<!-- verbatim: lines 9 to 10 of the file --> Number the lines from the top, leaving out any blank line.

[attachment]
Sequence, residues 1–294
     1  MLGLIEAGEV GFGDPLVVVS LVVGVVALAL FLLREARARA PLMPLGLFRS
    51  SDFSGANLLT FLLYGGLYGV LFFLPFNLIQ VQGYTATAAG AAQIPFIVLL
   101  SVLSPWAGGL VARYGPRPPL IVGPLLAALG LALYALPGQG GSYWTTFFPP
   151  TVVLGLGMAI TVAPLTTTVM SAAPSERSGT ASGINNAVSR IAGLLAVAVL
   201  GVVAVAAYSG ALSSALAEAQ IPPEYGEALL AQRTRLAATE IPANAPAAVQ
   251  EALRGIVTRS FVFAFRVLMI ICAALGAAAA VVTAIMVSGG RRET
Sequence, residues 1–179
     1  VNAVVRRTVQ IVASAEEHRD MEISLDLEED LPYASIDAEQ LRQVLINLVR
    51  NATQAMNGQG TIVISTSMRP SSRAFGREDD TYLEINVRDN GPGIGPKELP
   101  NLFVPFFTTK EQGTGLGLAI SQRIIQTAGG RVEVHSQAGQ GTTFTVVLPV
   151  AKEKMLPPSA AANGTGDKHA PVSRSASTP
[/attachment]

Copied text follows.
     1  VNAVVRRTVQ IVASAEEHRD MEISLDLEED LPYASIDAEQ LRQVLINLVR
    51  NATQAMNGQG TIVISTSMRP SSRAFGREDD TYLEINVRDN GPGIGPKELP